I resolutely accord President Obama and his foreign policy team a well earned grade of "A" in the conduct of America's national security challenges in the first 100 days of his presidency.
HuffPost bloggers give Obama their marks on foreign policy, national security, climate change, technology policy, GLBT issues, labor, political strategy, and much, much more.
Obama has had a remarkably productive first 100 days on the foreign policy front. It's hard not to like what I see. But let me try.
Perhaps nothing the president has done so far will on its own reduce heat-trapping carbon dioxide, the key greenhouse gas. It's only been 100 days, but he has charted a new course.
If his first 100 days are an indication of how Barack will perform against these nine measures of leadership, he is poised to be a transformational president.
I've been working for women's rights in Washington, D.C. since the Carter days and I have never seen anything like these first days. The pace is fast, and the outreach is inclusive.
To the people who shrug and say that politicians are all the same, answer with four words: torture and stem cells.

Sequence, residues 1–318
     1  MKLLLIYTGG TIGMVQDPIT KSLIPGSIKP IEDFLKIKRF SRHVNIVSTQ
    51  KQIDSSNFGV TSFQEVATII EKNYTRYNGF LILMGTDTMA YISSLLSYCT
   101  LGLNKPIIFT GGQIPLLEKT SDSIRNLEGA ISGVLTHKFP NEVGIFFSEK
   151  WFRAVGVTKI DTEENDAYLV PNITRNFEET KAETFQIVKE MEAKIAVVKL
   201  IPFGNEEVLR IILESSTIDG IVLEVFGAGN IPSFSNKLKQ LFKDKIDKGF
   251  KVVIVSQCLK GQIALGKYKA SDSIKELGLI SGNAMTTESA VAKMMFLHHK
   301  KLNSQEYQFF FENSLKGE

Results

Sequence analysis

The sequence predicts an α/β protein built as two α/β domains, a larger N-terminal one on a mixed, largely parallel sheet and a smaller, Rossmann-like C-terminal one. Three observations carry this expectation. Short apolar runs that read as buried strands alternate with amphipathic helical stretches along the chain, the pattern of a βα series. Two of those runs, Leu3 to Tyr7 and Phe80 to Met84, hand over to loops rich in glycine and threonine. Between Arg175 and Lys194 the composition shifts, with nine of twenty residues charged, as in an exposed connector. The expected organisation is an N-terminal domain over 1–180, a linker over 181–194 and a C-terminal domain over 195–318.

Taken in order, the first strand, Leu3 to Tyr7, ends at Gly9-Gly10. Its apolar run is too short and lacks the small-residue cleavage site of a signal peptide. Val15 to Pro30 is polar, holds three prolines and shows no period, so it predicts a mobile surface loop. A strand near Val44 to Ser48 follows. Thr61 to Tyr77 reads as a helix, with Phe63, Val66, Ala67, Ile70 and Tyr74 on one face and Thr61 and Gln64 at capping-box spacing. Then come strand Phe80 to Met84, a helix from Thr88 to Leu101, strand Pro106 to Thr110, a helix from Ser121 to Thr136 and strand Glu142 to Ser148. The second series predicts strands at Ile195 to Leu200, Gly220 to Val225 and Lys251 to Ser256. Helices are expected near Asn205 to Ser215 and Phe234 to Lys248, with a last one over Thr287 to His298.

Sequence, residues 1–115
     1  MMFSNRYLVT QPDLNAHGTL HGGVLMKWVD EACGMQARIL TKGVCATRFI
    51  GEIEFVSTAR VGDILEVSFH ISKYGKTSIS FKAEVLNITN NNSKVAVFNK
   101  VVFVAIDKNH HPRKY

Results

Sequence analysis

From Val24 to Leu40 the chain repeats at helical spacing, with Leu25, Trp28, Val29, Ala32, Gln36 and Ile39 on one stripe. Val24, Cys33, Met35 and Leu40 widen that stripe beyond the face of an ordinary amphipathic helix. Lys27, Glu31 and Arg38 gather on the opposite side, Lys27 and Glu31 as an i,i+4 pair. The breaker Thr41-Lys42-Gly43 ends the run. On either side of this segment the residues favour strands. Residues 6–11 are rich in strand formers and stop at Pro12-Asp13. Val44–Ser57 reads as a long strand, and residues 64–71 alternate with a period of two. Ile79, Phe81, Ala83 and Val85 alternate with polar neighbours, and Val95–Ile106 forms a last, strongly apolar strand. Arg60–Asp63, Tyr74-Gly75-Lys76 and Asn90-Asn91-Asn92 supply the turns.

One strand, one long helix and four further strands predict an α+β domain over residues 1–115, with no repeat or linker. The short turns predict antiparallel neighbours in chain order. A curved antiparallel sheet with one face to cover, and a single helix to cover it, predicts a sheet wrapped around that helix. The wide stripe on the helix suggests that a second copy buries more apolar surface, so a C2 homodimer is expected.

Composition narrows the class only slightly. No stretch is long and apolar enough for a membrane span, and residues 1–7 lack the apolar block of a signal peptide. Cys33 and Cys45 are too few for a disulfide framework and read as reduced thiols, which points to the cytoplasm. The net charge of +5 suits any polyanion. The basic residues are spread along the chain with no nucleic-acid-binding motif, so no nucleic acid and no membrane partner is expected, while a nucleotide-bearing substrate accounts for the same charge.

Crises are too important to waste and the Obama administration is using the many crises it inherited not to go backward but to launch into the new century -- finally.
As we pass the 100-day milestone, one question keeps running through my mind: Do we feel better about that nagging fear for our family's financial future than we felt 100 days ago?
Barack Obama has drawn praise for transparency reforms during his first 100 days in office, but his use of the "state secrets" privilege to squash lawsuits on torture and surveillance is drawing mounting opposition.
In cases where people seek accountability for government misconduct the administration's commitment to transparency falls by the wayside in every instance.
Now is the time for the Supreme Court to reject this latest threat to realizing our promise of democracy and assure every American can vote.
Cable news -- the really early years: "Welcome back, and good morning from Washington, where we're going to spend the next hour much like we've spe...
One hundred days isn't enough to judge a presidency, the cautious pundits say. "It takes time for a president to put his team in place, formula...
Obama has shown a refreshing willingness to discard foreign policy dogmas that no longer apply or have proven false.
How could one person in such a responsible position be so wrong? Geithner was wrong not on a few things, not on a lot of things, but on everything.